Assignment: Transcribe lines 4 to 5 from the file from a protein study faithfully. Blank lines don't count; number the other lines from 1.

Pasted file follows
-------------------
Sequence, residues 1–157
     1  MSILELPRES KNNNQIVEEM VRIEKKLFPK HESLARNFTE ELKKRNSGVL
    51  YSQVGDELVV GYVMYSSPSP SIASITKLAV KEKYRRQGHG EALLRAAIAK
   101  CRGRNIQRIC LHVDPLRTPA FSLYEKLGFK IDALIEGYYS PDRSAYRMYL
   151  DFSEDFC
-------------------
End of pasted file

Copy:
   101  CRGRNIQRIC LHVDPLRTPA FSLYEKLGFK IDALIEGYYS PDRSAYRMYL
   151  DFSEDFC